Simply put, self managed teams are like business collectives. These are a group of workers that work without supervision. Here’s what small businesses need to know about this model.
Who Started Self Managed Teams?
Self managed teams were first introduced in the 1960s. However, a Harvard Business School article points to a popular fast food chain as one of the originators of the modern version. Back in the 1990s, Taco Bell wanted to expand but was facing a shortage of capable managers. They decided the solution was to cut the number of supervisors and train lower-level workers to look after some of their own affairs.
This let the fast food chain assign one manager to several stores at a time and eventually employees were given more responsibilities like handling issues among colleagues and even training and hiring new workers. It might be a bit of a stretch to give Taco Bell all the credit, but the idea for self managed teams built on this business model and spread.
What Are These Self Managed Teams About?
There are some characteristics that go into a successful self managed team. It’s best if the group is cross trained and has a number of different job skills. It’s a good idea to keep them small although numbers depend on the task at hand. Small businesses will also want to keep turnover to a minimum so ideas and processes keep building inside the group.
What Do These Teams Do?
These groups can be put together to handle a variety of different business tasks. They might be permanent and put into place to continually handle entire products or services. Others are fashioned to look after projects that are time sensitive or specific tasks.
What Are the Advantages?
Self managed teams are important because they motivate employees to take ownership. By allowing people to make decisions about any small business, they hit a new level of engagement and participation.
It works like this. When people are told to perform a task (serve that customer!) they become resentful. When you get them involved in making decisions about how those customers are served, they take ownership and the business thrives.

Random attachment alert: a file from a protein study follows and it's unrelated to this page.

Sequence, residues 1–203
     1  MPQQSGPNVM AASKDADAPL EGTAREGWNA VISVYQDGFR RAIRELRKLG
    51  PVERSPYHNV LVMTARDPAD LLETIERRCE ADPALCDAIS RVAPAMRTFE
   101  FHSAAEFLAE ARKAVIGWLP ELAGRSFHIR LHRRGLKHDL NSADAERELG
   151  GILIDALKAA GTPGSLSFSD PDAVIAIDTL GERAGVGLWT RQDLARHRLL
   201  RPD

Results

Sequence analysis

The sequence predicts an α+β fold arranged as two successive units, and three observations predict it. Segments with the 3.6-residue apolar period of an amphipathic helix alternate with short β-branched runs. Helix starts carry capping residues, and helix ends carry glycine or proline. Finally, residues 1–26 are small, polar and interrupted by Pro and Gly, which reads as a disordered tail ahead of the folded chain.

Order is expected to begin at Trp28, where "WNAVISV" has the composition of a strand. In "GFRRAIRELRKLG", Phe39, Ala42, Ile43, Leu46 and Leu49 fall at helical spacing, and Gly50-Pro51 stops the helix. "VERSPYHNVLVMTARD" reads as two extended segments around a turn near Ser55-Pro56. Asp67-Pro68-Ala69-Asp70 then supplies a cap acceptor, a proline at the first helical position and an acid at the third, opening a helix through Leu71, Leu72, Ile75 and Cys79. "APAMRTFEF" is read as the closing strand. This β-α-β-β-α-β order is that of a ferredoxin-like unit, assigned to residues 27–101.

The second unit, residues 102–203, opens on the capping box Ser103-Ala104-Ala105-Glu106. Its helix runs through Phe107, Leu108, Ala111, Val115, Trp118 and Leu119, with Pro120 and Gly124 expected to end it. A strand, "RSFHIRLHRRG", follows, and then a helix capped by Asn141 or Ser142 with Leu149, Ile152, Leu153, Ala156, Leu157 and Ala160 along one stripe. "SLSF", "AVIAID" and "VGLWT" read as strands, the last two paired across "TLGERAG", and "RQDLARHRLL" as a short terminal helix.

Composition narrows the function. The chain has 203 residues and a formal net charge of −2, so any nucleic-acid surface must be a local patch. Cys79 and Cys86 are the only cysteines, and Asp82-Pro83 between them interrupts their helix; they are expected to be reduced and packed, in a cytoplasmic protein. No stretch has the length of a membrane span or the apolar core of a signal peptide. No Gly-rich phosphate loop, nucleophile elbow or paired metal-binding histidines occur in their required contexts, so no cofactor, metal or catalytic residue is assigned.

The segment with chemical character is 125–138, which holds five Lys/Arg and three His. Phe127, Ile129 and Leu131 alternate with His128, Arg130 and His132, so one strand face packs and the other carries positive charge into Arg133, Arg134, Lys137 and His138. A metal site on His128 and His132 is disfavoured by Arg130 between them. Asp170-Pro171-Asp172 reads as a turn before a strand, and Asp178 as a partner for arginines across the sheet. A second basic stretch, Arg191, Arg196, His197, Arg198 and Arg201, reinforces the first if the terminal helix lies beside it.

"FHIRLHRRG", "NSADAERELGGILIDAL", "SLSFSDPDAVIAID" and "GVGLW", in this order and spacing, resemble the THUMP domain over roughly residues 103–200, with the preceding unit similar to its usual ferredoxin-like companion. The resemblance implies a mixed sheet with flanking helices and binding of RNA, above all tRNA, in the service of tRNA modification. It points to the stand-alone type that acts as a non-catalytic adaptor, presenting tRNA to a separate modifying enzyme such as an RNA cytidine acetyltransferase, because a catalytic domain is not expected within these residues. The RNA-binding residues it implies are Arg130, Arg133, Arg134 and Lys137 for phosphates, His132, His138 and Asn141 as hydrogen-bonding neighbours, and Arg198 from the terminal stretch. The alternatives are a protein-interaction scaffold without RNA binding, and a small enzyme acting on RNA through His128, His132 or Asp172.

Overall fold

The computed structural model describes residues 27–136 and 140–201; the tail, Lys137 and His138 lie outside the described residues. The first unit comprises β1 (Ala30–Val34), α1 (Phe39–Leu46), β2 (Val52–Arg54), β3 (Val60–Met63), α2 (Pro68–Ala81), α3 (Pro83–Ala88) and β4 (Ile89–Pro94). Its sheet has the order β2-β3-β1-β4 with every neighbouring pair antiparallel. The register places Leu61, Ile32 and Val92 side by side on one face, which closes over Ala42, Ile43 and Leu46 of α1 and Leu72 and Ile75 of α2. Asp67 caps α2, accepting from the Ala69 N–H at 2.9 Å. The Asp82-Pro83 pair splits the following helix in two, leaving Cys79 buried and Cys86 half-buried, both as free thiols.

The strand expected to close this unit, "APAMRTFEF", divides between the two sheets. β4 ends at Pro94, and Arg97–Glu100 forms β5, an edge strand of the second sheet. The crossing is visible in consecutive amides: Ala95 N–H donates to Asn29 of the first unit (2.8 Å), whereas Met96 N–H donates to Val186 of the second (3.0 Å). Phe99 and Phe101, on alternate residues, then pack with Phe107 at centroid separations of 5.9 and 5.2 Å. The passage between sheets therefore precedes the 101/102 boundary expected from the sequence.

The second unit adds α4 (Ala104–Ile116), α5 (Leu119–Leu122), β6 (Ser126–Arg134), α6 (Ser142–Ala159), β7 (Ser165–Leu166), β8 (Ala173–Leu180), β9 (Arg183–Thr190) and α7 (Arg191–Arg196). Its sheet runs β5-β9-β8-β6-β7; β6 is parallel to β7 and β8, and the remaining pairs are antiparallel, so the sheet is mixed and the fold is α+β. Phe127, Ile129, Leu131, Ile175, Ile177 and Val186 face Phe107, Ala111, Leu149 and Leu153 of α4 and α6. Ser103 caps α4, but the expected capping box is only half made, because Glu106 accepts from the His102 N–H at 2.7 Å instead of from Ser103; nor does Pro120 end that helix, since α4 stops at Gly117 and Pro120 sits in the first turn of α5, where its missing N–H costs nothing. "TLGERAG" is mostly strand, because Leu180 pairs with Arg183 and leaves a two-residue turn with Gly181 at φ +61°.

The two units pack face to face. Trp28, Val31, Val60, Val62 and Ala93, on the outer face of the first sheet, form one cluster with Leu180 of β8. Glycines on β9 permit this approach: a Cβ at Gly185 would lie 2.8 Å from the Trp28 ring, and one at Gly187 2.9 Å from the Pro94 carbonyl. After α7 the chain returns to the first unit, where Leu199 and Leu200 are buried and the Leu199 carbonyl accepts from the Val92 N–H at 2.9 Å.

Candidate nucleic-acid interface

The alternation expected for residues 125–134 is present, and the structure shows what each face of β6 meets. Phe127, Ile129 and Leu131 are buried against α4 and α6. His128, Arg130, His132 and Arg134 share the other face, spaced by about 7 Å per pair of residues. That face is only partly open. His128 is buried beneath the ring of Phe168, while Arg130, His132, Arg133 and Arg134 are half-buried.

There are some other big pluses to these self managed teams too.
There’s an increased productivity of between 15 to 20% and a cost savings. As well, small businesses’ innovative side gets tweaked when employees are given free reign to improve processes.
There’s also an increased team spirit among the members of these teams. It also happens that they get along better with management because the stress level for supervisors goes down.
Are There Disadvantages?
Like anything else, there are a few disadvantages to these self managed work teams too. In the end, the decision-making processes are longer because there are more people involved. If you work in some online businesses like web design, this might not be a good business model for you. Clients who buy from online enterprises often expect quick decisions and immediate results.
Your small business might get to get used to having more meetings as well. Once again, that’s not always going to be in the plus column for every company.
How to Put A Self Managed Team Together
Hiring the right kind of people will help foster successful teams. Looking for individuals with excellent backgrounds in time management is a plus. You should also be looking for individuals that have resumes highlighting decision-making skills.
During an interview with any candidates, stay focused on their communication abilities. This is one of the most important aspects of individuals who work well in these self managed teams.
It’s also a good idea to look for people who have industry-specific experience. These are the ones that can bring a lot to one of these self managed teams and solve problems they’ve seen before.
People into the Mix
If you plan on putting a bunch of people together and making them autonomous, it’s probably not a good idea to put inexperienced employees into the mix at first.
Here’s a few final tips to get you up and started.
It’s a good idea if you can assign somebody to peer coach any new employee on a team. If they’ve got questions, one of your more experienced members should be able to mentor them.
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This works so well for agile software development. You can hire a self managed team so that they can give you the output you like.
I like the idea of self managed teams and can see the advantages of them. However, I’m familiar with a manufacturing company that tried to put together self managed teams. A team could choose the products that they wanted to make, determine how they were going to make the product, commit to a completion date, assign tasks within the group, schedule their time, etc. It worked well in a few places but not in others. Despite the fact that people say they want to have more input and say about how to go about doing their jobs, when they were given the responsibility for actually making those decisions, they really didn’t want the responsibility. Some employees actually quit rather than be part of a self managed team. Go figure.